As someone who teaches the Bible, I’d deal with this by pointing out this is the only place in the Bible in which a created heavenly being subservient to God (a.k.a. an angel) is said to lie. Could it be Micaiah the prophet was lying, not offering a real prophecy? Or could it be he was telling the truth, but this particular heavenly moment was unique, never done previously or since? Or could it be angels can and do lie without committing sin and God lets them do so for unknown reasons? All three of these explanations are logically possible (or at least I think so).

Since this passage stands alone in saying what it does, it’s bad methodology to rework the whole of conventional understanding of angels and for sure declare they tell lies based on this one portion of Scripture. Under the providence of God, the Bible says most often what’s most important and what it says just one time is nothing to build a doctrine off of.

But the rules of writing speculative fiction are different from Bible exegesis. What if, in fact, angels do tell lies that are considered a part of heavenly warfare, just as military strategists engage in military deception during wartime (such as ambushes and faked retreats)?

Lets think about a particular detail of what happened in I Kings 22 for a bit. Micaiah is called upon because Jehoshaphat is seeking a prophet of Jehovah. This would indicate the other prophets were not prophets of Jehovah. Which would mean that the angel that communicated with them was not only giving them a false message, he was pretending to be a representative of their gods!

An Angel Among Demons

But what if an angel did more than pretend to be false gods, who are fairly thought of as relating to demons? (as per a previous post I did for Speculative Faith) For the sake of a story setting only as opposed to a doctrinal statement, what if an angel actually pretended to be a demon, in the company of demons?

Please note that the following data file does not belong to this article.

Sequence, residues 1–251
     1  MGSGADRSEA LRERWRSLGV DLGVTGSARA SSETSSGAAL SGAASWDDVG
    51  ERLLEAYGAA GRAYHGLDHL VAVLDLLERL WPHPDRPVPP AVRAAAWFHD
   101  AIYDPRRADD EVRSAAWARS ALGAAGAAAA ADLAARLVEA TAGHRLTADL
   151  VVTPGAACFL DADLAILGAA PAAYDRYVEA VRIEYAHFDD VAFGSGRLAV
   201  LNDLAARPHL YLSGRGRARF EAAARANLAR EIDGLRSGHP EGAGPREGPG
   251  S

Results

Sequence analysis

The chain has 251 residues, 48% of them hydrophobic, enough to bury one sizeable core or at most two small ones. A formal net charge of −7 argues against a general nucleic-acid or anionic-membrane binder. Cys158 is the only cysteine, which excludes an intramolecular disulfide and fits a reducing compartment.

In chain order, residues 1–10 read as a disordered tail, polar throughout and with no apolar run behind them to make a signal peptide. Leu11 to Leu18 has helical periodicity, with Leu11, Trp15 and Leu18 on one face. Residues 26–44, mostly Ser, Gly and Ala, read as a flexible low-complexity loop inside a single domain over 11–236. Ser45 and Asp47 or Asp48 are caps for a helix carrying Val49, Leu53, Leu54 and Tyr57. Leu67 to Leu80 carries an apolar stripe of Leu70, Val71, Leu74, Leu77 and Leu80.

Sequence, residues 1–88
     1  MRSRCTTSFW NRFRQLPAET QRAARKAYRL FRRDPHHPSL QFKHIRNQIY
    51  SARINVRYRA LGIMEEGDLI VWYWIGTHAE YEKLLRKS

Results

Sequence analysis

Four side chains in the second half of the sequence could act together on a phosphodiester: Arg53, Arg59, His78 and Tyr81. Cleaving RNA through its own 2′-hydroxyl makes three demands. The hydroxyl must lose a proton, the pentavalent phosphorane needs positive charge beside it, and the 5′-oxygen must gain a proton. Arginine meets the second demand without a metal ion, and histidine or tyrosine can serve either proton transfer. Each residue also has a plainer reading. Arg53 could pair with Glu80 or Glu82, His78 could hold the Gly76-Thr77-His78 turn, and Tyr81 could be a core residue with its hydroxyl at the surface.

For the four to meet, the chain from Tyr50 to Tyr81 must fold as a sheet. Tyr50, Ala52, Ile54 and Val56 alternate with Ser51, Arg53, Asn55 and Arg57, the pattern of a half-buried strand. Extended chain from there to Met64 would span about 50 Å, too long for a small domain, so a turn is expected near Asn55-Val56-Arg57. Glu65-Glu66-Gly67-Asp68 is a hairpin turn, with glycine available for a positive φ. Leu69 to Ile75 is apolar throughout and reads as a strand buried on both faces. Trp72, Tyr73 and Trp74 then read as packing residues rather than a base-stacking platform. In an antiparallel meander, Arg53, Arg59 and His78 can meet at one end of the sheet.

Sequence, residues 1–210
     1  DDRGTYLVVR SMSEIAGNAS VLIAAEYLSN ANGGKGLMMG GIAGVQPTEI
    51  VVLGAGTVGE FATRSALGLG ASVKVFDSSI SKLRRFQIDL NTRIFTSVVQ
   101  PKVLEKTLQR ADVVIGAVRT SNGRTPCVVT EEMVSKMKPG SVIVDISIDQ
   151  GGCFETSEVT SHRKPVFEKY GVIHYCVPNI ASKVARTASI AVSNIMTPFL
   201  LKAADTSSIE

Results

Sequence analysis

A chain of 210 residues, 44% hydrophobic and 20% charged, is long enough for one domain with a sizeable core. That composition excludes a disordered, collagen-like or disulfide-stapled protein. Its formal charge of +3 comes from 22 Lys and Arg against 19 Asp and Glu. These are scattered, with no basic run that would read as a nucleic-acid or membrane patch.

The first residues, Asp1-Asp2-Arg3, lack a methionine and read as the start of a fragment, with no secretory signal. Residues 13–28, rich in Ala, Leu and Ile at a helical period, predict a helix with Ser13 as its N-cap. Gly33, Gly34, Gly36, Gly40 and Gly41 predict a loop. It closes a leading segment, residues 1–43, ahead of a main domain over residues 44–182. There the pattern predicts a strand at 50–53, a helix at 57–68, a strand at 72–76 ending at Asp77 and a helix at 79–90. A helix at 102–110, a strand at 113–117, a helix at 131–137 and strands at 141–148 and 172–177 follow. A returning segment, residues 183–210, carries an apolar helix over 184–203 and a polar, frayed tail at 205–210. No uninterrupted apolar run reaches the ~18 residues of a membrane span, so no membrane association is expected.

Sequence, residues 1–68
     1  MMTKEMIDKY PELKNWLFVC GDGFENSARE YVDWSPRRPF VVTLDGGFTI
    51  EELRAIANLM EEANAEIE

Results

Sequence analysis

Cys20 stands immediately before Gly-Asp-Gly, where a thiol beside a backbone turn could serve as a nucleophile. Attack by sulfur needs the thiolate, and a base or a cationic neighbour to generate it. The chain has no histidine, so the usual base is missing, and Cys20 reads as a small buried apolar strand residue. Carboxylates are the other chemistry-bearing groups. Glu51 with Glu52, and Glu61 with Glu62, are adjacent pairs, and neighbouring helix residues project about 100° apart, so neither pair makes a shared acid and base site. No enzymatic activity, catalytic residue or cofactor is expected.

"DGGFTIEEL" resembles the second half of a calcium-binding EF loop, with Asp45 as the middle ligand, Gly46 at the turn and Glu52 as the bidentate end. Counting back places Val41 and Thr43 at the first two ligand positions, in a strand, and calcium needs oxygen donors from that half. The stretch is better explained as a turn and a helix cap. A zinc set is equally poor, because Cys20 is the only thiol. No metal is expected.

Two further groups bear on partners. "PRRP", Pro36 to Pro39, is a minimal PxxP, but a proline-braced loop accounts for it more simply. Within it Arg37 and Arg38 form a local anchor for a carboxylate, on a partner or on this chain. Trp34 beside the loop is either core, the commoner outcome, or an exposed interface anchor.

A Warrior Angel in black armor. Image source: Pinterest

God clearly doesn’t need intel to know what Satan and demons are up to. It’s God’s nature to know. But perhaps angels might not have all the knowledge God has, so they perhaps could engage in some spying.

But more in line with I Kings 22, what if God wanted to influence demons to do things they otherwise would not have done? And chose to use angels for that purpose? What if angels can and do infiltrate bands of demons?

Wouldn’t that be a highly original take on spiritual warfare? Agent angels, infiltrating bands of demons? Deep undercover, having to do things they otherwise wouldn’t do, playing a role like a DEA undercover agent infiltrating a drug smuggling operation?

A Story Setting With a Caveat

I wouldn’t feel right about putting this story setting into a novel without explaining that this is an improbable view of angels and isn’t likely how they operate. Even though the concept is based on Scripture. In fact, if I were to write this, I’d give the full set of caveats I give in this post in an afterword.

But as a speculative idea, if we can keep in mind the idea is speculative, we can wonder how angels would infiltrate demonic hosts and what kind of torture of soul they’d have to go through to prove they really are demons and what could happen to them if they fail. Or course we could borrow a lot from human experiences as deep undercover agents, but the story would be more interesting if much of what applies to moral humans would not apply to angelic beings. Any author creating a tale in this story setting would need to engage in a lot of imagination concerning how the threats to immortal angels are entirely different than to a human undercover agent.

Angel Tech

Angels dress in clothing and at the end of Genesis 3 defend Eden with a flaming sword. Swords and clothes are the products of technology for human beings but perhaps are not for angels. Perhaps an angel can use a form of spiritual power akin to magic to produce these items.

Angel with tech. Image source:

But perhaps not. Perhaps they have the equivalent of looms and forges, producing the items we associate with angels. Perhaps they have more than that–yes, it seems their own supernatural nature would cover the kinds of things human beings use technology to accomplish. But what if (just speculating without solid data) angels have to use communication devices to contact one another over large distances? Or use weapon or transportation technology unknown to us on Earth?